Google Inc (NASDAQ:GOOG), caught up in the controversy of a U.S. data-snooping program, explicitly refutes the assumption of participating in any government program involving a Government equipment installed on its premises to transfer requested data to the government authorities.
Henry Blodget from Business Insider explains how exactly the web search giant fulfills government data request for its PRISM program.
According to the publication, the initial reports by National Security Agency claimed that the government had been tapping directly into the central servers of online giants like Google Inc (NASDAQ:GOOG), Facebook Inc (NASDAQ:FB) and Twitter to collect data and spy on their users.
Google's Letter To Attorney General Eric Holder
Google Inc (NASDAQ:GOOG) sent a letter to Attorney General Eric Holder and FBI Director Robert Mueller on Monday, arguing over the need to tell the public how many data requests they get under national security programs.
The company made it a point that it took years of hard work to earn user's trust and that the information it wanted to disclose to the public would come as a proof that the company is not handing over massive batches of user's personal data to the government.
“Google has worked tremendously hard of the past 15 years to earn our users’ trusts,” Google’s chief legal officer, David Drummond, said in a letter to Attorney General Eric Holder and FBI chief Robert Mueller.
Amir Efrati of the Wall Street Journal writes that in order to comply to government's request to provide user's data, Google sends an electronic file via secure FTP or prints out the information on paper and hands it over to the government in boxes.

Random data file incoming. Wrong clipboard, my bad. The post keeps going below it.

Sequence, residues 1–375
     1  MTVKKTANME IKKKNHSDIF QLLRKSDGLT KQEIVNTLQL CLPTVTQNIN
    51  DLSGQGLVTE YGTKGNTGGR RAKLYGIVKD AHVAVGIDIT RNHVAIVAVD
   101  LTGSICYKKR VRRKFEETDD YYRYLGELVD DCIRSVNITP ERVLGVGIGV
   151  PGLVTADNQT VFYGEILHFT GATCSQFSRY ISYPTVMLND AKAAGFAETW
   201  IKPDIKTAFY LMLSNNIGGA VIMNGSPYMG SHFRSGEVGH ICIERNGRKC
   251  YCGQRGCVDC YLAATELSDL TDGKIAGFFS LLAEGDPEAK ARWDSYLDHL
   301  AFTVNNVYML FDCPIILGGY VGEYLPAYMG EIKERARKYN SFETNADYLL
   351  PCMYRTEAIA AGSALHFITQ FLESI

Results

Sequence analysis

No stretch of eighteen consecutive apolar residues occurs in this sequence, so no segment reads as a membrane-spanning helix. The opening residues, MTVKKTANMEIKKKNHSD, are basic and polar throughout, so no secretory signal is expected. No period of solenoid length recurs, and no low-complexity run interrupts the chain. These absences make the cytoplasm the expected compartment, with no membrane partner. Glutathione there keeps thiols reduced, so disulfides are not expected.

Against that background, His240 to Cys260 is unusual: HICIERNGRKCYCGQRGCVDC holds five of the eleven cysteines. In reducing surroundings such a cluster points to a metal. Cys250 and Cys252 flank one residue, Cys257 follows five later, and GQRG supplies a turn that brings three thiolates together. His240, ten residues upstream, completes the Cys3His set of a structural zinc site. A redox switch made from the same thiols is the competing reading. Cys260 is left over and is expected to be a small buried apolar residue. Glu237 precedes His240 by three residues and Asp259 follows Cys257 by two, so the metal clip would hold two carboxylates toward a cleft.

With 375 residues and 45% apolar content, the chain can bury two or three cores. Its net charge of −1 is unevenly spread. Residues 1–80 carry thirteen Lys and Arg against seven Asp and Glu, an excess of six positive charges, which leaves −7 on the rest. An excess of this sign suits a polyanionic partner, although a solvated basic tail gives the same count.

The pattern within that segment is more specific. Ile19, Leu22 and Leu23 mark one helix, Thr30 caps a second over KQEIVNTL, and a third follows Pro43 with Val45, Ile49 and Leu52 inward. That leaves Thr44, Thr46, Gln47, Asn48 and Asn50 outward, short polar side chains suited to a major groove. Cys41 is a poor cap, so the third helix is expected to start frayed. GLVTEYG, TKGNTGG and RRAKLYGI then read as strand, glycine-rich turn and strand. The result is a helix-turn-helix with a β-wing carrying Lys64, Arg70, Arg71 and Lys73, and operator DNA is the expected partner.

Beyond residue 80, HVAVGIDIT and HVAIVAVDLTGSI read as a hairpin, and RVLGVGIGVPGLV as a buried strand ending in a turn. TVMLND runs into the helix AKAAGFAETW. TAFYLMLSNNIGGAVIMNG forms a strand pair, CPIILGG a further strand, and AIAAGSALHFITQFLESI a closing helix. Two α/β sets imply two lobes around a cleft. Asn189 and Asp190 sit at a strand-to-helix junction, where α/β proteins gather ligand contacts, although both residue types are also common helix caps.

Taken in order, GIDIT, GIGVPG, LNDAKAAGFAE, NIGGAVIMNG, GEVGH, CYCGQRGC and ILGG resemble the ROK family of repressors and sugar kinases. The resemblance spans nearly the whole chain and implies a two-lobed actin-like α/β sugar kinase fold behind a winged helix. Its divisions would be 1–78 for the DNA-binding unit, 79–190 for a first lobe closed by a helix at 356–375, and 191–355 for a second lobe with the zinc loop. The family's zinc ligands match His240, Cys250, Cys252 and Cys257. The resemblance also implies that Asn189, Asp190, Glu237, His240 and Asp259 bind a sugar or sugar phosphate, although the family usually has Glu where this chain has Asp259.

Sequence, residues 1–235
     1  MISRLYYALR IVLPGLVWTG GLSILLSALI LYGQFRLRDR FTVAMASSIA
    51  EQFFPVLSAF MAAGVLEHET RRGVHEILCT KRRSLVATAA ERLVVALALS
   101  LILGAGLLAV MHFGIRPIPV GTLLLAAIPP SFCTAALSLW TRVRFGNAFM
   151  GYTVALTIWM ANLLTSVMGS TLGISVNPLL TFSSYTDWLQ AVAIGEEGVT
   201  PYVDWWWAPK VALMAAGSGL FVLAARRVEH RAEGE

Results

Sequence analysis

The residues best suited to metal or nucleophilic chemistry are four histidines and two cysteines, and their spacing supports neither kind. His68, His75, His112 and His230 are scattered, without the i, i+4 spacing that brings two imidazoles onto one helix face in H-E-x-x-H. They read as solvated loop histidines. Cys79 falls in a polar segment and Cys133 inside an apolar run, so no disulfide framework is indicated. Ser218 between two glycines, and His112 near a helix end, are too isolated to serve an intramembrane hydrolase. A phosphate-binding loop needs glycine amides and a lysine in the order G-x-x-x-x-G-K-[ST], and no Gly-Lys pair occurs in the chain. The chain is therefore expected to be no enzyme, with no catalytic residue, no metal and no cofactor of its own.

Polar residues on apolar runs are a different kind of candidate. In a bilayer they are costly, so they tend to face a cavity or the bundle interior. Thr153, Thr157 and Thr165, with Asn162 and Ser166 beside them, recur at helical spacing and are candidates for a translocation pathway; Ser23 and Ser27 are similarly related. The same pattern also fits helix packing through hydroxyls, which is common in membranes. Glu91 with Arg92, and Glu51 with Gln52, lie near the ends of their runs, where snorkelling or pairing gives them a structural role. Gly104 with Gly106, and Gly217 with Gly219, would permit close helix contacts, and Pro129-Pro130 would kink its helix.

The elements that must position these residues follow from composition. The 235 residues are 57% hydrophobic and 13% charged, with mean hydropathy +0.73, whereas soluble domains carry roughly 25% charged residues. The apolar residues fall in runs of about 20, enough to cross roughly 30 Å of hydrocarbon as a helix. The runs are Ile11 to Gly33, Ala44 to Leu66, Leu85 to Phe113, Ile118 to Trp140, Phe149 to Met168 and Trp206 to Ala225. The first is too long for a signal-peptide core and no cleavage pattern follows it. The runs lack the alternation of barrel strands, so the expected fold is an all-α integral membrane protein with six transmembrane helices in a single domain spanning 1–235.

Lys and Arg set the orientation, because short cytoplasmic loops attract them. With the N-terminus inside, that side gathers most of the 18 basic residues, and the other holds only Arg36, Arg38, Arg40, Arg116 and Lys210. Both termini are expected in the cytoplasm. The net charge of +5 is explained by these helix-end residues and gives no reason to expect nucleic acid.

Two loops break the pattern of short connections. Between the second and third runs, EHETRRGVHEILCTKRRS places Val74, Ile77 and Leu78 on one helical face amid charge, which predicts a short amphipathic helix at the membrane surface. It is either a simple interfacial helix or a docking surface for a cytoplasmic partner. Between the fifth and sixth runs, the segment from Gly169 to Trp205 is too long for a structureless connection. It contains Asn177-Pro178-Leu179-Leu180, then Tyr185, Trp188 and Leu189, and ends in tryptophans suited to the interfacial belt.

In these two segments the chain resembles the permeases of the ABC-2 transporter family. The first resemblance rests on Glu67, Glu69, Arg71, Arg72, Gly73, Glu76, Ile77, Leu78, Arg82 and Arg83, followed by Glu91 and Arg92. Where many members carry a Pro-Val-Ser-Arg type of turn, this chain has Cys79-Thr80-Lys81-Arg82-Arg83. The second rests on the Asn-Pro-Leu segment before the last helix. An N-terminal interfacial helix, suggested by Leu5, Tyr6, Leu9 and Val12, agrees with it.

The web giant explains that neither of those methods points at providing government a direct access to its servers.
"When required to comply with these requests, we deliver that information to the US government -- generally through secure FTP transfers and in person," Google Inc (NASDAQ:GOOG) spokesman Chris Gaither told Wired.com. "The US government does not have the ability to pull that data directly from our servers or network."
"We refuse to participate in any program -- for national security or other reasons -- that requires us to provide governments with access to our systems or to install their equipment on our networks," Gather said in his statement to the publication.
Gather also claims that the company had also turned down the request to install a system on their facilities that could allow the government to obtain court-ordered data easily from their servers .